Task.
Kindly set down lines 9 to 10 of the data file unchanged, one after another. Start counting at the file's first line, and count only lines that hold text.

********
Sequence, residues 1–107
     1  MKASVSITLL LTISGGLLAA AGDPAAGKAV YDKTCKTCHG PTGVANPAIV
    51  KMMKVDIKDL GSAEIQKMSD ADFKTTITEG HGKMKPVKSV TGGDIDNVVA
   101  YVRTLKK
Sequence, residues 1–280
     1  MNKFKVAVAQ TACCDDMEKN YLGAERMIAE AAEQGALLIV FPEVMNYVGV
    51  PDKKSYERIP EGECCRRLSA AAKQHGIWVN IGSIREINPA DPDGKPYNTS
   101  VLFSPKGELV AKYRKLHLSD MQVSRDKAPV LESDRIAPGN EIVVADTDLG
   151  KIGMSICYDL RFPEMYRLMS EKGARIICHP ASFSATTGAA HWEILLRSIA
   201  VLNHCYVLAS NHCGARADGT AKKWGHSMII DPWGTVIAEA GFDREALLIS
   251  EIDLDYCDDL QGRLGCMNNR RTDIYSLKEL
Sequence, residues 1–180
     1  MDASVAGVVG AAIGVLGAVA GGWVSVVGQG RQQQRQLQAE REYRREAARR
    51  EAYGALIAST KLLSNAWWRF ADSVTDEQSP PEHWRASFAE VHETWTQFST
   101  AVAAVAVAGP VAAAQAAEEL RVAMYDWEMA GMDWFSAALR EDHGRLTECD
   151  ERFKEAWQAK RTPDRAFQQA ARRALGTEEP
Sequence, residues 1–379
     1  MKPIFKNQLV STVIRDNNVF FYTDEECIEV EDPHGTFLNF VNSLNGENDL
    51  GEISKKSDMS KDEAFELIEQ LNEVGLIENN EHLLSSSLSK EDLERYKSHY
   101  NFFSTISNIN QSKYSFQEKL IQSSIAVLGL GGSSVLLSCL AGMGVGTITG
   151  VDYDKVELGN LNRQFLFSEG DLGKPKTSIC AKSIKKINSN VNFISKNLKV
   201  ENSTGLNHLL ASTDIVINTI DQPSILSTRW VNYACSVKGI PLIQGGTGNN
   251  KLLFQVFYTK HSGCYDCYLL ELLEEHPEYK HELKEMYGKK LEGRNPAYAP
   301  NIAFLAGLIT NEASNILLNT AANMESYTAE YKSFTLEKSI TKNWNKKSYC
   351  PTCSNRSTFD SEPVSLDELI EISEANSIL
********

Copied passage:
   151  KIGMSICYDL RFPEMYRLMS EKGARIICHP ASFSATTGAA HWEILLRSIA
   201  VLNHCYVLAS NHCGARADGT AKKWGHSMII DPWGTVIAEA GFDREALLIS